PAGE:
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Velasquez

Among the notable prophets of the new and true--Rubens, Rembrandt,
Claude Lorraine--Velasquez was the newest and certainly the truest
from our point of view. He showed us the mystery of light as God
made it.

--Stevenson

There be, among writing men, those who please the populace, and also
that Elect Few who inspire writers. When Horace Greeley gave his
daily message to the world, every editor of any power in America
paid good money for the privilege of being a subscriber to the
"Tribune." The "Tribune" had no exchange-list--if you wanted the
"Tribune" you had to buy it, and the writers bought it because it
wound up their clocks--set them agoing--and they either carefully
abstained from mentioning Greeley or else went in right valiantly
and exposed his vagaries.

Greeley may have been often right, and we now know he was often
wrong, but he infused the breath of life into his words--his
sentences were a challenge--he made men think. And the reason he
made men think was because he himself was a thinker.

Among modern literary men, the two English writers who have most
inspired writers are Carlyle and Emerson. They were writers'
writers. In the course of their work, they touched upon every phase
of man's experience and endeavor. You can not open their books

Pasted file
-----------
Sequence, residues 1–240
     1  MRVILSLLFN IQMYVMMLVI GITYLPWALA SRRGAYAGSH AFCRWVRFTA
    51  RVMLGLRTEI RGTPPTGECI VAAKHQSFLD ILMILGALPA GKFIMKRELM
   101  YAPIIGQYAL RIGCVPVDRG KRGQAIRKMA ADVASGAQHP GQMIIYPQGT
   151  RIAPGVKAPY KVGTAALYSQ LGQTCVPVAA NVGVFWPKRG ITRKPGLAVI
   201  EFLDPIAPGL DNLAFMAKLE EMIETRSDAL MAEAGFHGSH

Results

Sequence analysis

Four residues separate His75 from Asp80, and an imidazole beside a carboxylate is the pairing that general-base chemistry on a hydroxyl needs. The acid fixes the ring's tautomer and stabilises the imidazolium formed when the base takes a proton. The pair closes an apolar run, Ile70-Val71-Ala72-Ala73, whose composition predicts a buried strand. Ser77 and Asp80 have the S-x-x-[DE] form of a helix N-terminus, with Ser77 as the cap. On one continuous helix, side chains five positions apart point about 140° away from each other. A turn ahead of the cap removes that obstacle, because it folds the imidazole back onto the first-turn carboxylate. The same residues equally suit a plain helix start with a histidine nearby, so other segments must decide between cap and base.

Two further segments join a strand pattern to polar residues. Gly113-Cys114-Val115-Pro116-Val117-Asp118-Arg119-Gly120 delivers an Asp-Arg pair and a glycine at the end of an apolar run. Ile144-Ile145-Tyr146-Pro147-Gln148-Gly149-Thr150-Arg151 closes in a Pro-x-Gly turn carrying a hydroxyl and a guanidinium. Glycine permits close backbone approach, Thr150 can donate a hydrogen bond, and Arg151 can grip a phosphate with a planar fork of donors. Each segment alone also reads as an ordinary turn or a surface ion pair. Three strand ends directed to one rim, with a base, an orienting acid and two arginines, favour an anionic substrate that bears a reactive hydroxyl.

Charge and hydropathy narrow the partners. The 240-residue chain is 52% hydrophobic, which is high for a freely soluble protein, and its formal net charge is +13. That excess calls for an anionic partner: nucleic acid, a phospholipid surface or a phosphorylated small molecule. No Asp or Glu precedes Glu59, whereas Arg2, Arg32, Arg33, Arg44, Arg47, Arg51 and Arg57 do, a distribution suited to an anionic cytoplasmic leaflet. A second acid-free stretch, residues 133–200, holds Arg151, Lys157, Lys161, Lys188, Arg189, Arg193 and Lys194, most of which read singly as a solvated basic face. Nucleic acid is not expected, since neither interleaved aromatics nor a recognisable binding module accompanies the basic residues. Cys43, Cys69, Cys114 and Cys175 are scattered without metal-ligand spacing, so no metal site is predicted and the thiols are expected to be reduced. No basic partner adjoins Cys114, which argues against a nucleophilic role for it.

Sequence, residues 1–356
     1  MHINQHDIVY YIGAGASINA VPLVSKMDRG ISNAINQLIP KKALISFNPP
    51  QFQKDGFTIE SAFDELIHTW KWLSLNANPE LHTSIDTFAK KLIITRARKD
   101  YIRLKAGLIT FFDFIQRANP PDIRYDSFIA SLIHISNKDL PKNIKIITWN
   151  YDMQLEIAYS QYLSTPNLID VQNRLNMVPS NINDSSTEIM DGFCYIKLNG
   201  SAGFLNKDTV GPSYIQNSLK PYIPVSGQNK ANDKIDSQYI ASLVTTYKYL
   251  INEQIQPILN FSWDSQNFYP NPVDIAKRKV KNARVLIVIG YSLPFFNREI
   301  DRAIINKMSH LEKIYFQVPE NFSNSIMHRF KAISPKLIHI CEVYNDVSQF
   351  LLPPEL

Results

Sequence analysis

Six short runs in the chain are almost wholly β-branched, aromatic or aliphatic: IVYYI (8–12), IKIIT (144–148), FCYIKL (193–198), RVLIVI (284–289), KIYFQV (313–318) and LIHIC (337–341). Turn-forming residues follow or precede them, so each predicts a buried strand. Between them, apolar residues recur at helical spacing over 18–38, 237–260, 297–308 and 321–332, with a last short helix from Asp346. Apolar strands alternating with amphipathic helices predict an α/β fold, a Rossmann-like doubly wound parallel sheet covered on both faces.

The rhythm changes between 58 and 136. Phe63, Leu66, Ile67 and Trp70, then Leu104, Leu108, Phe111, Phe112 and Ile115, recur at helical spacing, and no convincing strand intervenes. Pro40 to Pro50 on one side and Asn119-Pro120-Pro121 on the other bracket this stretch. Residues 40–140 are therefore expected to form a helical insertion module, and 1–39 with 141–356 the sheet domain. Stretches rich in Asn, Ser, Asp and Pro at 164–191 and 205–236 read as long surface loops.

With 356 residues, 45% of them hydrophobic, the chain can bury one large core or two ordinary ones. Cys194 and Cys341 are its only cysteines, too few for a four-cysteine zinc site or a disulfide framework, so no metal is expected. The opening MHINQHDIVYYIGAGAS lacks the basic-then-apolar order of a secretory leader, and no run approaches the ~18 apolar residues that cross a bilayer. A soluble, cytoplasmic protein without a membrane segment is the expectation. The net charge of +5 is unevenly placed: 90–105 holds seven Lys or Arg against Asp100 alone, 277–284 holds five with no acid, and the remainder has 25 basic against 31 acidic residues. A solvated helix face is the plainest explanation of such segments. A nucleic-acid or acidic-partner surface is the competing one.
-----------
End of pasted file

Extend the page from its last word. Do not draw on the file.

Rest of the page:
anywhere and read a page without casting about for your pencil and
pad. Strong men infuse into their work a deal of their own spirit,
and their words are charged with a suggestion and meaning beyond the
mere sound. There is a reverberation that thrills one. All art that
lives is thus vitalized with a spiritual essence: an essence that
ever escapes the analyst, but which is felt and known by all who
have hearts that throb and souls that feel.

Strong men make room for strong men. Emerson and Carlyle inspired
other men, and they inspired each other--but whether there be
warrant for that overworked reference to their "friendship" is a
question. Some other word surely ought to apply here, for their
relationship was largely a matter of the head, with a weather-eye on
Barabbas, and three thousand miles of very salt brine between them.
Carlyle never came to America: Emerson made three trips to England;
and often a year or more passed without a single letter on either
side. Tammas Carlyle, son of a stone-mason, with his crusty ways and